John Neville Keynes
John Neville Keynes
|Born||31 August 1852|
|Died||15 November 1949 (aged 97)|
|Occupation||Academic, philosopher, economist|
|Spouse(s)||Florence Ada Brown|
|Children||John Maynard Keynes|
Margaret Neville Keynes
|Alma mater||University College London|
Pembroke College, Cambridge
|Institutions||Pembroke College, Cambridge|
|Main interests||Applied economics, macroeconomics|
|Notable ideas||Methodenstreit, formal logic|
Born in Salisbury, Wiltshire, Keynes was the child of John Keynes (1805–1878) and his wife Anna Maynard Neville (1821–1907). He was educated at Amersham Hall School, University College London and Pembroke College, Cambridge, where he became a fellow in 1876. He held a lectureship in Moral Sciences from 1883 to 1911. He was elected as Registrary in 1910, and held that office until 1925.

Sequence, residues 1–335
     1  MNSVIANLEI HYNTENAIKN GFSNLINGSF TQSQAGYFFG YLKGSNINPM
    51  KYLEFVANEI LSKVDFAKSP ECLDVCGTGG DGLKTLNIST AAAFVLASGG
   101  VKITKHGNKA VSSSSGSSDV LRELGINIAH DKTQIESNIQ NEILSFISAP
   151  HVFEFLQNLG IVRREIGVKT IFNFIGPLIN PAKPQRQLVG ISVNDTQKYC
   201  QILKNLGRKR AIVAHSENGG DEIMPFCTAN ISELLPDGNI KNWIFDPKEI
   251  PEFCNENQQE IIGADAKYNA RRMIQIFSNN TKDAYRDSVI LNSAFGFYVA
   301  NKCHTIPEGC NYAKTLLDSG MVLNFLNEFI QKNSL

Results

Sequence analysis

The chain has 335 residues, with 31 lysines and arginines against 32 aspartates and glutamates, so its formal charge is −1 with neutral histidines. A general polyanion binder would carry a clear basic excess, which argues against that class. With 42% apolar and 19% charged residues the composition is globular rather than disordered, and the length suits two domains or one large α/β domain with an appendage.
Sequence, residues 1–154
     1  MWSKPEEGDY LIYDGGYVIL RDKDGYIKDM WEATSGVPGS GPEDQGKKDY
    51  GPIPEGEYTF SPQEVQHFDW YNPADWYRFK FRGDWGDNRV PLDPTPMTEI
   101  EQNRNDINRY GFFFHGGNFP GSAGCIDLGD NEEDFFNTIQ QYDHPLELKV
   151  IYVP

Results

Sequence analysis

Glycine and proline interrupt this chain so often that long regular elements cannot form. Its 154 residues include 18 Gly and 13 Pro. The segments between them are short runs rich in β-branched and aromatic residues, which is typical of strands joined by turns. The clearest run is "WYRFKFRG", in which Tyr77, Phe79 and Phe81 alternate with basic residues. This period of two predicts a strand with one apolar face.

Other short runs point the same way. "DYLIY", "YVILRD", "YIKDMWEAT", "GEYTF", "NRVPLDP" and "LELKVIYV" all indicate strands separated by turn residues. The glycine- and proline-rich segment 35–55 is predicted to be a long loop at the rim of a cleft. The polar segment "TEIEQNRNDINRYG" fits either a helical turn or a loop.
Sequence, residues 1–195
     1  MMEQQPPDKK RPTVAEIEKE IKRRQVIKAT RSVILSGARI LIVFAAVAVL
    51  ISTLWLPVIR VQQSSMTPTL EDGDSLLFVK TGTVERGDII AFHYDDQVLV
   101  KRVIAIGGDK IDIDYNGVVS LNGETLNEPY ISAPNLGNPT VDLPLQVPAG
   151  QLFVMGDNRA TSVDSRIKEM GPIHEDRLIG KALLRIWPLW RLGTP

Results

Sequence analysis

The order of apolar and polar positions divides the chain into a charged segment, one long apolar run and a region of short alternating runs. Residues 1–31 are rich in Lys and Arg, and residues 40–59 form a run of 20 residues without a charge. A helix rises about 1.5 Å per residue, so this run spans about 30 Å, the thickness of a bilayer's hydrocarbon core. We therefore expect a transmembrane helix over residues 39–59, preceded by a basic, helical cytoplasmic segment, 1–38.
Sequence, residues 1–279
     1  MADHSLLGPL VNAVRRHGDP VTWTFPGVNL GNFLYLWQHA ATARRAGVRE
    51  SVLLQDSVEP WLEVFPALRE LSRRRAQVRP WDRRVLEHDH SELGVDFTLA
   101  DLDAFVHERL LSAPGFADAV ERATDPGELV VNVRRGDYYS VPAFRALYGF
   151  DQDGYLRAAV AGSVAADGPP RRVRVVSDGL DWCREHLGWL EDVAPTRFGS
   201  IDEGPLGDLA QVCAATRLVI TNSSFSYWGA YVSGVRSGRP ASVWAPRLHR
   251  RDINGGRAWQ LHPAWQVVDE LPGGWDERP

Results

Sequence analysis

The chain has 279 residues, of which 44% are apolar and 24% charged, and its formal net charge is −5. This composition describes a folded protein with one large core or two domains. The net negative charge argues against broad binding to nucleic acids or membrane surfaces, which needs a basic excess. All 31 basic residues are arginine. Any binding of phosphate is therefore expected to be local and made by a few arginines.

He divided economics into "positive economy" (the study of what is, and the way the economy works), "normative economy" (the study of what should be), and the "art of economics" (applied economics). The art of economics relates the lessons learned in positive economics to the normative goals determined in normative economics. He tried to synthesise deductive and inductive reasoning as a solution to the "Methodenstreit". His main works were:
- John Maynard Keynes (1883–1946), the economist
- Margaret Neville Keynes (1885–1970), who married Archibald Hill (winner of the 1922 Nobel Prize for Physiology) in 1913
- Geoffrey Langdon Keynes (1887–1982), a surgeon
He represented Cambridge University six times in the annual chess match against Oxford University and is the joint holder of the record for most appearances on either side. 
He outlived his elder son by three years; he died in Cambridge, aged 97.
- "Keynes, John Neville (KNS872JN)". A Cambridge Alumni Database. University of Cambridge.
- "Keynes, John Neville". Who's Who. 59: 980–981. 1907.
- "John Saunders's Chess Pages: Varsity Chess Matches, 1873 to present: Oxford vs Cambridge Universities".
- Phyllis Deane (1987). "Keynes, John Neville," The New Palgrave: A Dictionary of Economics, v. 3, p. 92.